A great debate rages among a subset of my friends about when it is appropriate to play Christmas music. I don’t have a strong view on this, but I do have some critiques of each camp. I divide the Christmas-music debaters into four camps:
These folks start listening to Christmas music once they’ve ordered their first pumpkin spice latte of the fall. Well, not exactly, but by November 1, they feel quite free to deck the halls of their mobile devices with Christmas tunes to fill their autumn days. Holly-jollies are mostly joyful folk who just love Christmas. And while they are notable for their early-season November carols, they might also jingle-bell-rock-out in July.
Semi-purists know it’s just plain wrong to play Christmas music before the World Series, or even before Thanksgiving Day. They eagerly await the ritual of queuing up the Christmas season’s first songs sometime between the Dallas Cowboys game on Thanksgiving and the early-morning Black Friday sale. Semi-purists are aware of and opposed to the rank commercialization of Christmas, and resist its annual creep earlier and earlier into the fall. They gently remind their holly-jolly brethren that Christmas is, after all, a Christian holy day and should be celebrated as such. Tthey certainly know enough to insist that it’s not Christmastime just because the mall corridors are adorned with theologically nondescript symbols of the season. But when the time is right, they join the Holly-Jollies.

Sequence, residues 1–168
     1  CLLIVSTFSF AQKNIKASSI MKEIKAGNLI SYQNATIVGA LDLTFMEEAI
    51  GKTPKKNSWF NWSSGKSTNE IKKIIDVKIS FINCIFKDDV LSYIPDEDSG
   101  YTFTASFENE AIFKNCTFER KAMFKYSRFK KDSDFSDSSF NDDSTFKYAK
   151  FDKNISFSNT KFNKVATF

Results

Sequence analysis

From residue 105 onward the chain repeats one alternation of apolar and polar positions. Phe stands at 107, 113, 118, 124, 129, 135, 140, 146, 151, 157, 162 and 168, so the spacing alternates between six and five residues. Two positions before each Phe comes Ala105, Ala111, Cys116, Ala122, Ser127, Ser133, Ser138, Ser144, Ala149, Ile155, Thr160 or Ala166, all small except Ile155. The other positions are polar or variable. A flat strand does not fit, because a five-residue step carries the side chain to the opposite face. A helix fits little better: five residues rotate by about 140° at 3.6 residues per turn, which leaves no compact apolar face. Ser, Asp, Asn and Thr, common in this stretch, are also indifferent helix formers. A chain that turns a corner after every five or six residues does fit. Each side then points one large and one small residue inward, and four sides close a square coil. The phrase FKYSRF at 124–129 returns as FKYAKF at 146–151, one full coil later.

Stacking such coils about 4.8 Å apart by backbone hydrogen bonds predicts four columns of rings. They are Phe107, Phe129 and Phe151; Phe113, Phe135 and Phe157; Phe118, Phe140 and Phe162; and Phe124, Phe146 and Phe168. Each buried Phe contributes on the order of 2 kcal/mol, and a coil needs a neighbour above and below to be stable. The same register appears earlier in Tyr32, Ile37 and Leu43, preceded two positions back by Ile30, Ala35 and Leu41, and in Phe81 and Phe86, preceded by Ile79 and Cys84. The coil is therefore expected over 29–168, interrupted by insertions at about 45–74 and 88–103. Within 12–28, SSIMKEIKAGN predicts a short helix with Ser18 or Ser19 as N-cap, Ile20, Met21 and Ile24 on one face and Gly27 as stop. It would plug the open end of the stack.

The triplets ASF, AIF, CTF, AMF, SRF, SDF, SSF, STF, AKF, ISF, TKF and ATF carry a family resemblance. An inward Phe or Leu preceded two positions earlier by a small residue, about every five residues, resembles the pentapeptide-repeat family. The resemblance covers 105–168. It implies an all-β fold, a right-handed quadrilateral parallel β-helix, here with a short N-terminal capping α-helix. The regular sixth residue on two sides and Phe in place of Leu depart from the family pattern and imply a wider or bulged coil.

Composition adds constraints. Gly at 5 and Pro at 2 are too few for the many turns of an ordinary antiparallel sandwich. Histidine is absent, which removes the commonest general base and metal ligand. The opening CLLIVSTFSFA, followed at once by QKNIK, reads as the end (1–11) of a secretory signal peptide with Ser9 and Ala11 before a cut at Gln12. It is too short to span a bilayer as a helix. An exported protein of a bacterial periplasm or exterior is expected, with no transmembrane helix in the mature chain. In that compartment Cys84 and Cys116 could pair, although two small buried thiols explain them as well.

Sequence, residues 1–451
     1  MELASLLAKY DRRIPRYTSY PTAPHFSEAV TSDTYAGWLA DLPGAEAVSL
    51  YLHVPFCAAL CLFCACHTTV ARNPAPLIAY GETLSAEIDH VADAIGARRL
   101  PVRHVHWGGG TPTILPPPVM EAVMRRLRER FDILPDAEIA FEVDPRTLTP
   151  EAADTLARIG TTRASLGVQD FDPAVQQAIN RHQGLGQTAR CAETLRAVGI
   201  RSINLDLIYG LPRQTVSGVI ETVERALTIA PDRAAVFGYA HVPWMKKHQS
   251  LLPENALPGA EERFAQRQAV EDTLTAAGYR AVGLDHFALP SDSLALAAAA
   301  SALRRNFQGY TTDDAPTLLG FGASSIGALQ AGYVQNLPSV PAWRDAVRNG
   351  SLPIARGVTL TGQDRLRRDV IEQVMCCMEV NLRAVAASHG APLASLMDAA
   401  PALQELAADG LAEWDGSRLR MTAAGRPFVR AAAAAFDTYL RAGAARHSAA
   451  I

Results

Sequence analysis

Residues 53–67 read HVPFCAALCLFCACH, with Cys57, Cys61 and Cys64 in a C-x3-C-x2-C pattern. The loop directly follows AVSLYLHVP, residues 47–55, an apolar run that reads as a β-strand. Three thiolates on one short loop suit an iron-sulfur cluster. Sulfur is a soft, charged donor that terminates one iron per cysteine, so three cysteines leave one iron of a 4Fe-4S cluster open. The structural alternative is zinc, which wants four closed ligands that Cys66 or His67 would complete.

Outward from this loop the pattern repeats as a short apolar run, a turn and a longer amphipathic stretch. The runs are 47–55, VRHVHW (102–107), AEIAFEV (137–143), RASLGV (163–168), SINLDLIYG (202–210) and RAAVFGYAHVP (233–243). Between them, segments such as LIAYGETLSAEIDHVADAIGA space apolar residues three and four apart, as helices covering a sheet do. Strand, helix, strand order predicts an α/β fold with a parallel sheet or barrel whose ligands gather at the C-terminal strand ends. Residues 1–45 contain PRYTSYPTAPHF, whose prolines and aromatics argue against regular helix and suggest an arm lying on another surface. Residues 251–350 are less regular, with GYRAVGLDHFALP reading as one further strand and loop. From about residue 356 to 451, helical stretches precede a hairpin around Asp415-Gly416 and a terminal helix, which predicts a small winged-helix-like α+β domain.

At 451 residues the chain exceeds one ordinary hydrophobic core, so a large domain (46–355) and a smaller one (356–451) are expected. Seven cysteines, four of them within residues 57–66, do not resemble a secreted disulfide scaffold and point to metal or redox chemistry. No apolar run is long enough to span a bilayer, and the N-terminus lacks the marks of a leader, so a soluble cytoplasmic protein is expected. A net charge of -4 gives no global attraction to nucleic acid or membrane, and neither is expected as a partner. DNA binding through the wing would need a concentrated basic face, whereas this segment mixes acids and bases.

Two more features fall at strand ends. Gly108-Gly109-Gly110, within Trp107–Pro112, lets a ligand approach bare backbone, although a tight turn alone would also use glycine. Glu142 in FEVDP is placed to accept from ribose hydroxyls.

Purists are even more finicky about commercialization, and are thus wary of Christmas music that is sentimental rather than religious. They might even have enough theological sophistication to A) know that the Church observes a period called Advent at the beginning of its liturgical year, four Sundays before Christmas and B) understand that some hymns are more properly associated with Advent than Christmas. But as long as the music pays homage to the Incarnation and the Nativity of the Lord, then they are probably okay with it. Be warned: Purists will judge you harshly for enjoying songs like “Santa Baby” and “Grandma Got Run over by a Reindeer.”
These people are even more theologically sophisticated than purists, and will not hesitate to correct you for being wrong. To liturgical purists, November should be filled with hymns celebrating All Saints, All Souls, and Christ the King. They tut-tut malls and office Christmas parties that play Christmas music during Advent, even if it is sacred rather than secular. They may even interrupt their hall-decking for traditional prayers and devotions to Saint Nicholas or Saint Stephen. Christmas music is for, well the twelve days of Christmas beginning December 25 and ending the day before January 6, when the Church celebrates the Epiphany of the Lord.
Next, I’ll tell you the problems with each group.
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